The new season of the University of Manitoba’s Visionary Conversations series launches Wednesday with its sights set on reconciliation.
Titled “Reconciliation: What Needs to Happen Next,” four panelists will examine the first year since the Truth and Reconciliation Commission issued 94 calls to action in Dec. 2015.
The panel will feature provincial NDP MLA Nahanni Fontaine, who serves as critic for status of women, persons with disabilities, families, and missing and murdered indigenous women and girls. Also on the panel are Winnipeg-based film producer Tina Keeper; Anishinaabe CBC Aboriginal associate producer, Lake Manitoba First Nation member, and Red Rising magazine co-founder Lenard Monkman; and National Centre for Truth and Reconciliation (NCTR) director Ry Moran.
Moran said the panel discussion, which will be lead by U of M president and vice-chancellor David Barnard, is an important step on the path toward reconciliation.
“We need dialogue, and we need participation, and we need frank and open conversations about where we are and where we’re not,” he said. “That conversation is a really important step in the many steps that are being taken.”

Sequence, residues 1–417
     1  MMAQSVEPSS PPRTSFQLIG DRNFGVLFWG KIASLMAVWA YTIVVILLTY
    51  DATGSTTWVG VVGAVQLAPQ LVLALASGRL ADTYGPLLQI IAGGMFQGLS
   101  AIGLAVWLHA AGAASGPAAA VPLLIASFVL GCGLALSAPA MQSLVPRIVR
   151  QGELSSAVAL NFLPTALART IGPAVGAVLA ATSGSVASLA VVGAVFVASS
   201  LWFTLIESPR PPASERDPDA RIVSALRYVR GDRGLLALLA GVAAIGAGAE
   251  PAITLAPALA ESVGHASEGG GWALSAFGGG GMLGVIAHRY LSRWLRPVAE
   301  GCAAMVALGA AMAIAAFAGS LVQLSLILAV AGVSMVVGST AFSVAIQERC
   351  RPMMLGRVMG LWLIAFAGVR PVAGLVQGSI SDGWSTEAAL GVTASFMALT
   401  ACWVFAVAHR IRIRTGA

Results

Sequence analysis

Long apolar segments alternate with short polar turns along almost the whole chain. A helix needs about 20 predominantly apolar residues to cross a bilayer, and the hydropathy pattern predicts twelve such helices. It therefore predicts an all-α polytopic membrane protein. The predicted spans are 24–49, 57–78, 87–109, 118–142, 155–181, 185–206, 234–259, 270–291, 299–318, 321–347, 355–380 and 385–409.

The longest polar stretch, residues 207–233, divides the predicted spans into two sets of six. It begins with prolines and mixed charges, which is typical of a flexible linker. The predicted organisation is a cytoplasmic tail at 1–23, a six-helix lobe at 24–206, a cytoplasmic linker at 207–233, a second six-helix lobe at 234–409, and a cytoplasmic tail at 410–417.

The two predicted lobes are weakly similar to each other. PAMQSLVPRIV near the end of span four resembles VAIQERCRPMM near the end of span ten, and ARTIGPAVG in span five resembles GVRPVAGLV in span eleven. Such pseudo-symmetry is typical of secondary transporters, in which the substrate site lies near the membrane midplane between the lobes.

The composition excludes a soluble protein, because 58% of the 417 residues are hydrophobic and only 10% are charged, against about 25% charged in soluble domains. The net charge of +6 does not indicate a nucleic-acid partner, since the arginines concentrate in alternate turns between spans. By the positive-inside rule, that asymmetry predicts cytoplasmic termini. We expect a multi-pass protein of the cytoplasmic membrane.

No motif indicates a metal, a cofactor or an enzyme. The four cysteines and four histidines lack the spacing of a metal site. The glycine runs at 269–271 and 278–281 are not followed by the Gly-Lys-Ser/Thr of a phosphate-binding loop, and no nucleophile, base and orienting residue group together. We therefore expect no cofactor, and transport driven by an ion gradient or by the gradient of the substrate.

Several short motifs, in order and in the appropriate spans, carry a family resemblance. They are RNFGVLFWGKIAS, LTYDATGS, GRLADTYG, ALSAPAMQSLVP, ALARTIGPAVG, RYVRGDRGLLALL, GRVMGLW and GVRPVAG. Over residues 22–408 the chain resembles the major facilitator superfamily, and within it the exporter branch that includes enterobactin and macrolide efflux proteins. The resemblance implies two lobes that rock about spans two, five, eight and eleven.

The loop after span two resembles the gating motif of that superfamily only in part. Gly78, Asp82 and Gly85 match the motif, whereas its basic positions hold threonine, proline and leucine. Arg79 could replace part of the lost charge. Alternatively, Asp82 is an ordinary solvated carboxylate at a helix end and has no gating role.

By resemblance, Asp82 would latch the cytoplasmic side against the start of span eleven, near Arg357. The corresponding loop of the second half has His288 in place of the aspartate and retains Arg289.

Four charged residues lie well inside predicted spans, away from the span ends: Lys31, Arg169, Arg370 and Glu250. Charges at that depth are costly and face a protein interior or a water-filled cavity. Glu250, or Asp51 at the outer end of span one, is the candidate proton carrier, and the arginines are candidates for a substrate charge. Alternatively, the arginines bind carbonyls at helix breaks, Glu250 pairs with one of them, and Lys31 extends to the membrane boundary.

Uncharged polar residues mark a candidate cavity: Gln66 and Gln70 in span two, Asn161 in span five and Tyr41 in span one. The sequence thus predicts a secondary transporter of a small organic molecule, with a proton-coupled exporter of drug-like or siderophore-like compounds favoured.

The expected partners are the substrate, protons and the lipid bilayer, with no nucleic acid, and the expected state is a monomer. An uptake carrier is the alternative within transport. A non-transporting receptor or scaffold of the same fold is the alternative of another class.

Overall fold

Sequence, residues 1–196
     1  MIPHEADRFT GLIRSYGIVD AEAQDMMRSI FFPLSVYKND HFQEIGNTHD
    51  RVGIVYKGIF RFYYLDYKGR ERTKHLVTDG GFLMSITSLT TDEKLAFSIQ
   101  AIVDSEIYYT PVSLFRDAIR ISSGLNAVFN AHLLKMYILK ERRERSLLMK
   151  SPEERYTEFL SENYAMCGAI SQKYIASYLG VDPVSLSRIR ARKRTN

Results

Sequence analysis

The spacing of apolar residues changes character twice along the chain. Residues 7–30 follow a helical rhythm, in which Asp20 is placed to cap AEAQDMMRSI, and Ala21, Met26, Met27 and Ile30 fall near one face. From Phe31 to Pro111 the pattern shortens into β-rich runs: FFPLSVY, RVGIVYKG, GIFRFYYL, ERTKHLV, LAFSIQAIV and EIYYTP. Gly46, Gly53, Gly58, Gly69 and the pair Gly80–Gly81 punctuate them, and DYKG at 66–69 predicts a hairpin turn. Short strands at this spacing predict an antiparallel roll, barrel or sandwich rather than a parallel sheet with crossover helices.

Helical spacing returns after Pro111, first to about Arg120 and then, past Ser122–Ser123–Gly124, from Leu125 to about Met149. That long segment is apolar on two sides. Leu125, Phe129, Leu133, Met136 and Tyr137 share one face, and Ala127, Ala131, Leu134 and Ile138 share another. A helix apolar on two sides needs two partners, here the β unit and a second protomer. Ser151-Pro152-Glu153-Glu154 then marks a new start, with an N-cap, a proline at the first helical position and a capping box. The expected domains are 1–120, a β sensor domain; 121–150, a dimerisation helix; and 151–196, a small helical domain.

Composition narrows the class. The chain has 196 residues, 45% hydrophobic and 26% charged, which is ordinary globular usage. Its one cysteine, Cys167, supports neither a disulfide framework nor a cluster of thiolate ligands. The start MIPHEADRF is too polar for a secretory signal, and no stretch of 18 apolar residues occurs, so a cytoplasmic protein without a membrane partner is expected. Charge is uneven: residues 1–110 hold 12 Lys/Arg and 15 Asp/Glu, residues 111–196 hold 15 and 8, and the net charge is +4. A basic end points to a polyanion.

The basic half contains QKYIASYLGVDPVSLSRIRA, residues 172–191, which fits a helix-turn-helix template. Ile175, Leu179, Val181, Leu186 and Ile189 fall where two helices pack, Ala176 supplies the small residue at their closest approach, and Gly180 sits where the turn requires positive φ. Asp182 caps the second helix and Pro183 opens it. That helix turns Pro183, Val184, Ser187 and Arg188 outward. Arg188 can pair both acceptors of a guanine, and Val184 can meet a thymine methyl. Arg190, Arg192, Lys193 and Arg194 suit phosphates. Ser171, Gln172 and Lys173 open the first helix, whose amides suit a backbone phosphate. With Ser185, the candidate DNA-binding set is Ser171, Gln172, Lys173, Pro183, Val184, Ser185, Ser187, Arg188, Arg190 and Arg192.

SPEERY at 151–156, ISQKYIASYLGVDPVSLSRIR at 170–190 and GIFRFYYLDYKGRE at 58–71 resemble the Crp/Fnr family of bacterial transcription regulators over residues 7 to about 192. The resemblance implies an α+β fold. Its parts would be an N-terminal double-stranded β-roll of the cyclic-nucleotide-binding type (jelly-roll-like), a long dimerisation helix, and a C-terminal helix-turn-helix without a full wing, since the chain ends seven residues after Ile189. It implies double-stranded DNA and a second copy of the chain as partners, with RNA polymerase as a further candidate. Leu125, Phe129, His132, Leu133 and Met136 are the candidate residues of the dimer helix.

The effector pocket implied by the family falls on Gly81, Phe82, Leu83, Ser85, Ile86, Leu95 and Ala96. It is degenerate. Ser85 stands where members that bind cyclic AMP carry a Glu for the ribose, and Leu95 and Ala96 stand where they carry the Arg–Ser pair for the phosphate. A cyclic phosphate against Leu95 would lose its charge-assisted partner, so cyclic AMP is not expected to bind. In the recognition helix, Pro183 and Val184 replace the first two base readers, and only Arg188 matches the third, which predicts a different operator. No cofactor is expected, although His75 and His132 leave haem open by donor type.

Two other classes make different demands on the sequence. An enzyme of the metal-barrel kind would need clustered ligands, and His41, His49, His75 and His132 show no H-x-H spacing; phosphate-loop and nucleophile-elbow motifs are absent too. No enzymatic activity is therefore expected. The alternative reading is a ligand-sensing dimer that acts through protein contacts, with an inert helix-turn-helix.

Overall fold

The NCTR opened its doors in the summer of 2015 and will be the permanent home for all statements, documents, and other materials gathered by the Truth and Reconciliation Commission of Canada.
Moran said Canada needs to be prepared to face an uncomfortable history and noted some of those conversations are already happening.
“Are we there yet? No,” he said. “Are there still very real issues that are facing indigenous peoples now? Absolutely. Indigenous languages are just as endangered today as they were yesterday and they’re going to be even more endangered tomorrow because we are not taking the steps that we need to take yet.
“But I think the general trend that we’re seeing is that things are generally heading in the right direction.”
The event will be hosted Wed. Sept. 21 at the Robert B. Schultz Theatre in St. John’s College, and begins at 6:30 p.m. with a reception. The panel discussion begins at 7 p.m.